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Politics

The Real Australia

23 August 2003

The Real Australia

By Gwynne Dyer

They sent Pauline Hanson to jail for three years last week on charges of electoral fraud. The One Nation party that she founded did not have the 500 members that she claimed when she registered it in 1997, but only 500 signatures from an unofficial support group. She also got half a million Australian dollars from the state of Queensland by fraud to fight the 1998 election there. Bad Pauline — but she has changed the country anyway.

“The reason why I got into politics was to make a difference,” Hanson said earlier this year, when her challenge to the established Australian parties had already faded. “When you have the government and the Prime Minister take up your policies, I think you have made a difference.” And that is just what has happened: John Howard, Australia’s second longest serving prime minister, has ensured his longevity by becoming Pauline Hanson in drag.

Hanson herself is a familiar phenomenon in democratic politics: a right-wing populist who exploits the issues of race and immigration to create a following. She first ran for parliament in 1996 as a candidate of Howard’s Liberal Party, but was ‘de-selected’ when they realised how extreme she was: Asian immigrants were synonymous with crime and disease, she said, and she wanted to slash government spending on health, education and housing for the desperately poor Aborigines.

It turned out that a lot of other Australians felt the same way. Hanson won her seat as an independent in 1996, and founded One Nation the following year. In its first national election, in 1998, it won an astonishing 8 percent of the vote.

Those who voted for One Nation were mostly rural people who were losing their place in the world because of changes in the global market, and city-dwellers who were being left behind by an increasingly knowledge-based economy. Hanson offered them scapegoats: Asian immigrants who were stealing Australians’ jobs (she wanted immigration stopped until unemployment fell to zero), and ungrateful Aborigines who scrounged a living off the welfare system.

Politicians of this ilk are part of the political ecology in every country: they come along every week or so, like cold fronts. So why did Hanson first take Australia by storm, and then find the country’s leading stealing her clothes? Because Australia is not the country it thinks it is, or would like to be. It is a much more old-fashioned, conservative place with a few big cities that seem cosmopolitan — but even in Perth or Brisbane you’ll often hear casual racist remarks of a sort that died out a generation ago in big cities elsewhere in the English-speaking world.

All the major Australian political parties used to cooperate to keep people like Pauline Hanson off their candidates’ lists, but once she demonstrated how big the market for racism was, their common front broke. The first sign of what was to come was Prime Minister John Howard’s refusal to condemn Hanson’s One Nation Party in the 1998 election.

Howard is not a racist; he is just a skilled political operator who recognises what works and is not hampered by a serious case of scruples. His Liberal Party began to steal bits of Hanson’s agenda — and then two years ago came the golden opportunity of the ‘Tampa’, a Norwegian freighter that rescued 434 Afghans from a sinking ship in the Indian Ocean and headed for Australian territory with them.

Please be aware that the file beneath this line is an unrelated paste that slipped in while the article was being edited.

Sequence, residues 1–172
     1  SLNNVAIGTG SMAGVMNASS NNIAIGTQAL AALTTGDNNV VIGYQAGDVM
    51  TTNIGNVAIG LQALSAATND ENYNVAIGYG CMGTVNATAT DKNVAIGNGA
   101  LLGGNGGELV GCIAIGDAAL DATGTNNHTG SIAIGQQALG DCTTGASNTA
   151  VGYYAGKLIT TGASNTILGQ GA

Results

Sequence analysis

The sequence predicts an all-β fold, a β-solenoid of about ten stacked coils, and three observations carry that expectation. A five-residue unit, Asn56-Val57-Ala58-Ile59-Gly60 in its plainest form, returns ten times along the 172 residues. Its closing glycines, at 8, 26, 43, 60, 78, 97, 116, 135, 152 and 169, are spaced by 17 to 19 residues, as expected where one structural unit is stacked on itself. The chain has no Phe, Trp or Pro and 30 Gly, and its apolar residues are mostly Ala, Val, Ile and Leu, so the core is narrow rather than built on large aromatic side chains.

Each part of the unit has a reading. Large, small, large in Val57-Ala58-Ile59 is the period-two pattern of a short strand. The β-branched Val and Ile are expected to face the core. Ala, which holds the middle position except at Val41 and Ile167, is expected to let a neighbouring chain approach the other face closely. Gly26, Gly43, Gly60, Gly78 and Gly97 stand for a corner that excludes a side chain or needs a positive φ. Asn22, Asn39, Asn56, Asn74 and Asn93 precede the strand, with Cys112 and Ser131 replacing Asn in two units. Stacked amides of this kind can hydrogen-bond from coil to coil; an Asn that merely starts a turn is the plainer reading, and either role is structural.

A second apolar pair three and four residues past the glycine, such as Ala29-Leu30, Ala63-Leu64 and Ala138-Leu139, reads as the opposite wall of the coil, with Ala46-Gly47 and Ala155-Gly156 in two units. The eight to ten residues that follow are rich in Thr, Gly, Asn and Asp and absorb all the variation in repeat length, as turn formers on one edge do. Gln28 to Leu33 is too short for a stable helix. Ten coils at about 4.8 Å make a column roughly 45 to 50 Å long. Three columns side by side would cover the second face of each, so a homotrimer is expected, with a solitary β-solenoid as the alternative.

The Afghans had been heading for Australia anyway with the intention of claiming asylum, but international law obliged Australia to allow these survivors of ship-wreck, huddled together on the decks of a freighter in the tropical sun, to come ashore at the nearest port. Howard, only weeks away from an election and lagging in the polls, refused to let them land — and when the captain of the Tampa ignored Canberra’s instructions and kept steaming towards Australian territory, Howard sent the Australian Navy and SAS troops to seize the ship.

Most Australians cheered his action, for they had already half-accepted the line peddled by Hanson and echoed by dozens of ‘shock-jock’ radio call-in hosts that the country was being inundated in illegal immigrants. In fact, Australia only gets a few thousand ‘illegals’ a year, far fewer than most other rich countries (and it takes in a smaller share of legal immigrants than most of them, too). In matters of this sort, however, perception is everything — and the perception is that Australia is being overrun by non-whites.

The Afghans on the ‘Tampa’ were dispersed to various Pacific islands without ever touching Australian soil, there to be held in camps and sorted through by Australian immigration officers. A few weeks later Howard won the election, collecting most of the votes that once went to Hanson’s party (which had virtually destroyed itself in vicious internal battles in the meantime). And now Hanson has gone to jail, but she has left Australia a changed place.

What was once redneck talk shunned by educated people is now part of the national political discourse, and the lurid fears of the racists are seen as reasonable concerns that need to be addressed. The principal beneficiary of this shift is none other than Prime Minister John Howard, whose Liberal Party disowned Hanson and her ideas only seven years ago. As one Australian commentator said: “He is a genius of sorts. He looks this country in the face and sees us not as we wish we were, not as one day we might be, but exactly as we are.”

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To shorten to 725 words, omit paragraphs 5 and 6. (“Those…world”)